This blog was first posted on the UNCAC Coalition blog.
I am embarrassed to say that I can remember, over a decade ago, when the UN Convention against Corruption was new and – believe it or not – relatively exciting. It wasn’t just one of the first international instruments to outlaw bribery, it also recognised and attempted to address some of the key corruption risks in government.
First amongst those was public procurement: it’s where the money and the discretion in government are concentrated. Trillions of taxpayer dollars are spent on it every year. Just under 60% of the bribes investigated by the OECD Anti-Bribery Convention so far have been for government contracts.
It’s boring but vital. People don’t really notice until things go very, very wrong by which time it can be too late. Witness the ‘tofu’ schools that were supposed to be earthquake proof but which collapsed on their students in China’s devastating Sichuan earthquake in 2008. A whole generation was wiped out in some towns and villages.
UNCAC’s proposals to prevent and deter corruption in procurement were spot on: transparency, competition and objective criteria in decision-making. But, fifteen year on, I can’t help feel that the Convention’s top-down, legalistic, box ticking, mutual reviewing approach needs a shot in the arm.
Let’s not forget how much the world and technology has changed: back then Apple was almost dead and Google wasn’t a verb.
Procurement, alas, is still governments’ top corruption risk. But new and better ways for governments to do business are emerging. And they come with important added benefits including saving governments a fortune in money and time and improving the local business environment, especially for SMEs.
Last year, saw the first major recognition that the data and information behind public contracting should be “open by default” at both the London Anti-Corruption Summit in May and at the Open Government Partnership’s Paris Declaration in December. This has shifted the debate about transparency from dusty old box files of documents published weeks after decisions have been made to real-time, joined-up shareable data and meta-data and information across the entire chain of public contracting.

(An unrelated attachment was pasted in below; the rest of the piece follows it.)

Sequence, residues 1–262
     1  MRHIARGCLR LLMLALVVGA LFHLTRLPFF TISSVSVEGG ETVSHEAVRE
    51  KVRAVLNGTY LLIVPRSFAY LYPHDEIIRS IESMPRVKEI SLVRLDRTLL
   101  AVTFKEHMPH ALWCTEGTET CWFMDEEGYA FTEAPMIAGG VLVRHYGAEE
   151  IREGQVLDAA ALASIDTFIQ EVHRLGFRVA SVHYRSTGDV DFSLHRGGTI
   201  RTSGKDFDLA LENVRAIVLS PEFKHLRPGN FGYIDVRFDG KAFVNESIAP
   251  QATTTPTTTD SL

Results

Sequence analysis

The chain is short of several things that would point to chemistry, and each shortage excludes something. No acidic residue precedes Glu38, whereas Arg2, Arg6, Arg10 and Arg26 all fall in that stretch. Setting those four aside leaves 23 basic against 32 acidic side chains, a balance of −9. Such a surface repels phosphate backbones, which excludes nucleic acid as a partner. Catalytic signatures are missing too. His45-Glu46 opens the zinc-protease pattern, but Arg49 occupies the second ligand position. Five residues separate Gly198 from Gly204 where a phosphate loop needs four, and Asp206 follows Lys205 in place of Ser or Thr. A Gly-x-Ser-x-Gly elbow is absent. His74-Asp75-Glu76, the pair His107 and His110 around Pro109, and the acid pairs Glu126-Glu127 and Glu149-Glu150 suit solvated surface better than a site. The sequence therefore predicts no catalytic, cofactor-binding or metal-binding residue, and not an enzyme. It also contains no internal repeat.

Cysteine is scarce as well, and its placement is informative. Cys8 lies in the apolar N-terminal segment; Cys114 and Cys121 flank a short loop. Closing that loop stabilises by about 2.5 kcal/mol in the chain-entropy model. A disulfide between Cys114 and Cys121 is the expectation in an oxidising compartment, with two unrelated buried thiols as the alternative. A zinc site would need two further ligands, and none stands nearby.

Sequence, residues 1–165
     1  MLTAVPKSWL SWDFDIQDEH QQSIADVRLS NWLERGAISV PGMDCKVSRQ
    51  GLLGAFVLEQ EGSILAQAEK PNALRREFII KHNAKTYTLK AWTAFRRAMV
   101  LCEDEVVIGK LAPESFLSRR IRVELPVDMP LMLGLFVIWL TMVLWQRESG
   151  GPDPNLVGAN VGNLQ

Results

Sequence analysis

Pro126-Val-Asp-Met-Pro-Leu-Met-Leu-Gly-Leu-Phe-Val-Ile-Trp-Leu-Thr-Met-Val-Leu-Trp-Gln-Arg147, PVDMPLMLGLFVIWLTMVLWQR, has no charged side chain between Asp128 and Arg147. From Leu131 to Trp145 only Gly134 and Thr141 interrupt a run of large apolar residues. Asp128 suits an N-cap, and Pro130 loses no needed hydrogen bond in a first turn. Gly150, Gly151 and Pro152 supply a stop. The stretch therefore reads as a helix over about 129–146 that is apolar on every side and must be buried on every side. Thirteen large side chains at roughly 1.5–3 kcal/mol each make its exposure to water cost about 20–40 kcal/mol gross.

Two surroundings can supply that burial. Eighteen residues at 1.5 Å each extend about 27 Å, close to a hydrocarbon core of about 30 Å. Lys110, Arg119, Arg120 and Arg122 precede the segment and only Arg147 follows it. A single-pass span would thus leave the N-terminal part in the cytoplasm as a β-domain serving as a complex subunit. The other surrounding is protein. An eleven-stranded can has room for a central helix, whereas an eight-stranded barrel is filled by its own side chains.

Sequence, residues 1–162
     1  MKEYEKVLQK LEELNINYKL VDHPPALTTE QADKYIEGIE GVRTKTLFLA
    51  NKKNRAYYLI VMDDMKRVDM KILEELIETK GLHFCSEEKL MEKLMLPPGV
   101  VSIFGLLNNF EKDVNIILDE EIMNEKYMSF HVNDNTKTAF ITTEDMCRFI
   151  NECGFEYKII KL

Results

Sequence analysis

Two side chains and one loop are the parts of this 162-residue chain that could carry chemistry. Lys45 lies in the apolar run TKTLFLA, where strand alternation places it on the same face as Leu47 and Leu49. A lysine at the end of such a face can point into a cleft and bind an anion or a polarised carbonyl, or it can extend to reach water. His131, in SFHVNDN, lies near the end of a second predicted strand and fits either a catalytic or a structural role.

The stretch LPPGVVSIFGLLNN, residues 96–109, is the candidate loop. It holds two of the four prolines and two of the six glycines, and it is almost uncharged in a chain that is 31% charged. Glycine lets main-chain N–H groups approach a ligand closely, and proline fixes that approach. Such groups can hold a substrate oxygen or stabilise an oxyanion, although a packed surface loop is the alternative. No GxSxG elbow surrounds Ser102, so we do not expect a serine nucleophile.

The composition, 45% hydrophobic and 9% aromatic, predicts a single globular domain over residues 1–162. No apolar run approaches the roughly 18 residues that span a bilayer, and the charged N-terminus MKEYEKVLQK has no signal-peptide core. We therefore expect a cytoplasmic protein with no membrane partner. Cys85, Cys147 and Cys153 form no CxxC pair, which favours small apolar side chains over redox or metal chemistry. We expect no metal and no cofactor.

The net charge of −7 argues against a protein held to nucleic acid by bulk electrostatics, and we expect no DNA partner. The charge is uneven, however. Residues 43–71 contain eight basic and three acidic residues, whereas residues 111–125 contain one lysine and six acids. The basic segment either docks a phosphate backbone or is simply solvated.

Rather than obscure, formal notices, you can now put accessible, responsive information into the hands of people who might actually use it. Think bottom-up, user-centric information to engage business and citizens to shape better outcomes rather than top-down, legalese.
Over the last two year, over 25 countries directly committed this approach of open contracting in action plans as part of the Open Government Partnership.
So, with open contracting becoming the new norm for how governments do business, let’s see UNCAC wake up and step up. The dragon of corruption has been snoozing on your sofa for too long.
Here are five suggestions as to how:
1) Take a public stand that procurement information should be open by default
The UNCAC Review Mechanism is in its second cycle of reviews. The process should be checking that procurement data and documents are ‘open by default’ when looking at public procurement processes. This should apply to information across the full cycle of government contracting, from planning to the delivery of the service or goods.
‘Open by default’ doesn’t mean that absolutely everything gets published all the time. Rather, it means that unless there is a compelling reason not to be open, information should be accessible and useable. There are perfectly sensible public interest policies and process that can be put in place to manage any redactions needed for the privacy of personal data and commercial confidentiality.
The UNCAC review process is well placed to look at whether the legal default for information is open or closed and whether commercial confidentiality is being abused or used indiscriminately to withhold documents from the public and from businesses.
2) Support international best practices